The Perfect Spot
Xander walked on the street towards the outskirts of town. He heard the distinctive rumble of a
Honda Superhawk coming from behind him. He stopped walking and looked up at the sky.
Dark, thick clouds had gathered, blocking out even the tiniest ray of sunlight.
The Hawk stopped just long enough for him to climb on the street bike. He wrapped a loose arm
around the driver's waist and pressed his cheek to the leather clad back. He closed his eyes and
sighed as the motorcycle jumped forward, racing out of town.
You'd think I'd be used to this by now, Xander thought, automatically shifting his weight to lean
into a sharp curve. Depression slid over him, along with resignation. He couldn't stop the
upcoming storm, he could only deal with it the best way he knew how.
The bike came to a stop and Xander lifted his head to look around. The area was flat and
desolate. Empty. At one point it was probably the site of a home, or possibly a store. Now, it
was a track of hard dirt, strewn with rocks, broken bottles and other trash. No other buildings or
homes were within view.
It was perfect.
But Xander knew it would be.
Xander climbed off the Hawk after the motor was shut down. Others would say that,
without the purr of the motorcycle's engine, the area was silent. But to Xander, the area was
screamingly loud. The electricity gathering in the air crackled. The hot gusts of wind that had
whipped the storm together whistled past his ears. The rumble of thunder from high in the sky
sounded like the pounding of tribal drums.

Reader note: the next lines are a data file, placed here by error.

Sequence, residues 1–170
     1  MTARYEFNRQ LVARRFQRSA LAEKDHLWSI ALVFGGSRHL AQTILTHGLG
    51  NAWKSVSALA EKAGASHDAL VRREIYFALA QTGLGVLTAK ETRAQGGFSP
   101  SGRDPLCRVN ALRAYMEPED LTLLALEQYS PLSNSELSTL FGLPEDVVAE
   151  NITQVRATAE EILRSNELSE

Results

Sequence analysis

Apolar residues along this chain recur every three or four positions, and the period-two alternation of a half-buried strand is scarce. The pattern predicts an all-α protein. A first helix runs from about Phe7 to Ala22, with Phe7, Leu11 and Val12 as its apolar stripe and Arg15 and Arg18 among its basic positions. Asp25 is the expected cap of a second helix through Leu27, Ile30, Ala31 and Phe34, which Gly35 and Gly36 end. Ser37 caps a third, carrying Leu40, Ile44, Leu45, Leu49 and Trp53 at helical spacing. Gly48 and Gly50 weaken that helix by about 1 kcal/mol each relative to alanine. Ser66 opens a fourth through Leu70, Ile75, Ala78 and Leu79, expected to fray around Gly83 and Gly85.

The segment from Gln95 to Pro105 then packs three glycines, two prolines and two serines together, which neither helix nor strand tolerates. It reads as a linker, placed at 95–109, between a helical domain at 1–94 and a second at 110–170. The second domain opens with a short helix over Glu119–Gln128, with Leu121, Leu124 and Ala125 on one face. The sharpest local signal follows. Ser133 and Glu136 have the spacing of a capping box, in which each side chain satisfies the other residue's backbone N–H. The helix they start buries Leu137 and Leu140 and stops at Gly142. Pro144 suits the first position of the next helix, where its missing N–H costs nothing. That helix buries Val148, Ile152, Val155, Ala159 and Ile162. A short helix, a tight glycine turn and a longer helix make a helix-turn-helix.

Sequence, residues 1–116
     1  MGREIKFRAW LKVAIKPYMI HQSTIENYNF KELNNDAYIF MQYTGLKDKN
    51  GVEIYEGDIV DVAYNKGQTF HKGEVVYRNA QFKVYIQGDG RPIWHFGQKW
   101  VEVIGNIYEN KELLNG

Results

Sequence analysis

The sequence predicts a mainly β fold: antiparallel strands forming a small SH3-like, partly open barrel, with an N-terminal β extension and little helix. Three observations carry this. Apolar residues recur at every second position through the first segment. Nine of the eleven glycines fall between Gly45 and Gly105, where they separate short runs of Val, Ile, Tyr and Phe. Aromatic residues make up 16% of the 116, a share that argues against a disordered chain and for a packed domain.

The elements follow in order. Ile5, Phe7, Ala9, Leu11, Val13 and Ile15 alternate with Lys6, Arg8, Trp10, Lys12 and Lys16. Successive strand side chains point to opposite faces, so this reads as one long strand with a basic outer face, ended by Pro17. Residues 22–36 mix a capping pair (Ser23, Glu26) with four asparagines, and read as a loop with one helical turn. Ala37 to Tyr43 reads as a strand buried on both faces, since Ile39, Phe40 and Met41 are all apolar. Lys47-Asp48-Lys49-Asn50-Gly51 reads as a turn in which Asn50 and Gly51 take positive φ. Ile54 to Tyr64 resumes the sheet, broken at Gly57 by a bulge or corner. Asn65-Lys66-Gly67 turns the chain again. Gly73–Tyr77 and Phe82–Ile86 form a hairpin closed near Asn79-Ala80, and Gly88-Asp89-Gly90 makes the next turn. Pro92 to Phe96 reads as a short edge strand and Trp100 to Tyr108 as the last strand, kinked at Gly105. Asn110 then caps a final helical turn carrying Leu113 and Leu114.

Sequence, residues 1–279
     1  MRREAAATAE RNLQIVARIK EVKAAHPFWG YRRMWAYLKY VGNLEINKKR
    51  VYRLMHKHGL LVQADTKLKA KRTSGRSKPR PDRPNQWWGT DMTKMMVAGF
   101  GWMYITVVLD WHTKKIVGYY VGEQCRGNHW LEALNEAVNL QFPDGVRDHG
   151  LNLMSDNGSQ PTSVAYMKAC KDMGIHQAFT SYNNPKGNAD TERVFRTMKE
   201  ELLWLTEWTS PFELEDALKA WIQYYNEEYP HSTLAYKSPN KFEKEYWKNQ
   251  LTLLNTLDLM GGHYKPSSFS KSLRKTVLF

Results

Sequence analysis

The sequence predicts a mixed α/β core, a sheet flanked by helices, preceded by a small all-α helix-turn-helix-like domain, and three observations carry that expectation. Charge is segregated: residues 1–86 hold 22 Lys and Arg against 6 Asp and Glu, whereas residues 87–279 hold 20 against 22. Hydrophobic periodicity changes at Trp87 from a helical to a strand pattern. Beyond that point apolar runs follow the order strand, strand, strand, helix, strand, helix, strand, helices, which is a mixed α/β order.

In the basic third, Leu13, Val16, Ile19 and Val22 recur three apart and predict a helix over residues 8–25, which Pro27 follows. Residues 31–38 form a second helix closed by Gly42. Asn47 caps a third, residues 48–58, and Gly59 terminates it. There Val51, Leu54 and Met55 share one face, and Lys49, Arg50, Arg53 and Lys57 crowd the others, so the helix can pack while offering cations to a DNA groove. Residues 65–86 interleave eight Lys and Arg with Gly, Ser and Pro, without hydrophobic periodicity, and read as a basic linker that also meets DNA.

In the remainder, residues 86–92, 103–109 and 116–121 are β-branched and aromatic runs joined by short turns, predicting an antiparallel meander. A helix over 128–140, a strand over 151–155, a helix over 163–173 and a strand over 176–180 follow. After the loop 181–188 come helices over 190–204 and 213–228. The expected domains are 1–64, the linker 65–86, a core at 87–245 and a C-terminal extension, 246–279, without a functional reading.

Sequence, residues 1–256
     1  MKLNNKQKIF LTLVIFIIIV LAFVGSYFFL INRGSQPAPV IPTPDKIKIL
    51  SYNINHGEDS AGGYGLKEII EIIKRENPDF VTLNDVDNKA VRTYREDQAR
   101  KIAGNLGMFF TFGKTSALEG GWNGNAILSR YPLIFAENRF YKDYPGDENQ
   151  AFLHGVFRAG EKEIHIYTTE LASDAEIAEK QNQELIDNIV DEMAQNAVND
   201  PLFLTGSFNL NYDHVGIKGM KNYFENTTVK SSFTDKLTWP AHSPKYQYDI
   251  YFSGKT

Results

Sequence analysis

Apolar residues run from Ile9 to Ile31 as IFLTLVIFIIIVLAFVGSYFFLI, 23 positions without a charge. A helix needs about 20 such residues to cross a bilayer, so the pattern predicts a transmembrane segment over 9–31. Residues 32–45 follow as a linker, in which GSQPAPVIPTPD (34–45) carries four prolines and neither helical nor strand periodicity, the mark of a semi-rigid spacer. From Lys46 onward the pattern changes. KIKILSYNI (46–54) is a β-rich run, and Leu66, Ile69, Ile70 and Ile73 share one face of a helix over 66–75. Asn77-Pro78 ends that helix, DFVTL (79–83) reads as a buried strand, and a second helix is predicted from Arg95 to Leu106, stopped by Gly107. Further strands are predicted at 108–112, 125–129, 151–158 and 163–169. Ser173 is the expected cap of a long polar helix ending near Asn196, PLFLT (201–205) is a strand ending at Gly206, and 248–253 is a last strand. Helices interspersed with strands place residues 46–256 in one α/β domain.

"This one came up too bloody fast."
Xander turned to the peroxide blonde straddling the bike. "You say that every time, Spike."
"Well, it's true," Spike raised his sunglasses-covered eyes to the dark sky, "I
haven't even had a chance to stash our gear."
"Better do that." Xander took the cell phone out of his pocket and handed it to Spike, then he
pulled both his shirts over his head.
"How long?" Spike accepted the shirts and shoved them in the bag at his side. He adjusted the
strap of the leather satchel more comfortably across his chest.
Xander looked up at the sky. "A couple of hours," he rubbed the large, black thundercloud
tattoo on center of his chest, "maybe more."
"Right." Spike started the bike's engine.
Xander sighed, removed his sunglasses and handed them to Spike. Despite the darkness caused
by the storm clouds, Xander squinted as if it were bright and sunny.
"I'll come get you after the storm," Spike said out of habit, tucking the wraparound sunglasses in
his inner duster pocket.
"I know you will." Xander's tone was not one of tenderness or thankfulness. It indicated a
statement of fact.
Spike nodded once, revved the engine, and rode away. Xander let his gaze wander around the
area, making sure he was truly alone. When he was satisfied no one else was there, he lay down
on the hard, dirt-packed ground and shut his eyes.
Thirty seconds later, the first bit of lightning cracked the sky, and the electric bolt raced to earth...
...and hit Xander in the center of his chest.